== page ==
by Jerrold Lee Shapiro
Impact Publishers, 2012
Review by Lynne Trevisan, D. C. on Jul 15th 2014
In Finding meaning, facing fears in the autumn of your years author Jerrod Lee Shapiro, Ph. D. addresses the 45-65 years of life, where we are no longer "young" nor are we "old" by Western society's definition. This book takes a look at some of the more common experiences that occur during this age-range and how individuals can grow through the period in order to have a more fulfilling and meaningful life overall.
The book is divided into four parts: the basics; challenges and characteristics; planning for retirement; and realities and opportunities. Each section has exercises the reader and, if one is present, the reader's partner can complete to explore personal growth opportunities.
The Basics: Of concern is the common statement sixty is the new forty, or some such similar statement. Instead of calling our current 60 the new 40, it may be better to call it the new 60. The person is still 60 years old; however, it is now expected that there will be significantly different life experiences than those of a generation or two ago had when they reached the age of 60. Previously, a person at the age of 60 was considered old(er) and was expected to retire soon. The post retirement years were expected to be either filled with the activities that could not be pursued when they were younger because of family obligations and/or money restrictions, or they were filled with quickly declining health. In this section, Shapiro gives the reader the opportunity to study different types of ages, such as "chronological age, body age, psychological age, social age, functional age, and reference age" (2012, p. 18). Now, people are beginning new careers in their 60s, including returning to get an extensive education in order to reach that dream career goal.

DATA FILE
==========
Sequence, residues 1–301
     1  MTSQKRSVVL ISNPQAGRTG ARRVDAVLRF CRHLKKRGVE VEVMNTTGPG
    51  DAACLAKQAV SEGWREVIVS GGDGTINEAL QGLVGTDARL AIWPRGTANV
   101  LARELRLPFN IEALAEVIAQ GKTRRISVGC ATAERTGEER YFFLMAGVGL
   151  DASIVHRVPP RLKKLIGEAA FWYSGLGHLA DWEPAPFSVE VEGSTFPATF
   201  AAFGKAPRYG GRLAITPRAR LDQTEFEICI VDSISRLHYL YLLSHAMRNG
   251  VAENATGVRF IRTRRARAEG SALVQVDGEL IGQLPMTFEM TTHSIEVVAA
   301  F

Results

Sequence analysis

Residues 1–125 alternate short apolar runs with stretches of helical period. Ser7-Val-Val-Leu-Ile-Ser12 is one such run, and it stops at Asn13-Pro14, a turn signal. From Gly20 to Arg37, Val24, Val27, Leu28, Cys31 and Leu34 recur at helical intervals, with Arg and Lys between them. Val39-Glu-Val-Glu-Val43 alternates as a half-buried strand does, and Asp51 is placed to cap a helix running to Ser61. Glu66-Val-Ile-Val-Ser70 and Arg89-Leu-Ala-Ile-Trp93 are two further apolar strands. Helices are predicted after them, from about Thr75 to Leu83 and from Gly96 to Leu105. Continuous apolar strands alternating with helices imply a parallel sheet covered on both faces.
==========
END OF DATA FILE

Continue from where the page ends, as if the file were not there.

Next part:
Today, career work is an opportunity to express life purpose and find contentment within oneself, not just a means to a paycheck. "Facing the fear is what's important, not taking unnecessary risks, but being willing to meet the challenge" (Shapiro, 2012, p. 32). While it is normal to have fear, defining whether one's fear is realistic and surmountable or if it is neurotic fear that stands in the way of progression is a major part of the journey. As Shapiro states, "neurotic anxiety cuts off the process of considering whether our novel thoughts, explorations, and actions truly are as frightening as they seem. They obviate our quest for personal meaning and opportunities for courage" (2012, p. 35). A significant number of people spend a great majority of their lives doing what other people expect whether it makes the individual person happy or not. This period is an opportunity to become more self-aware.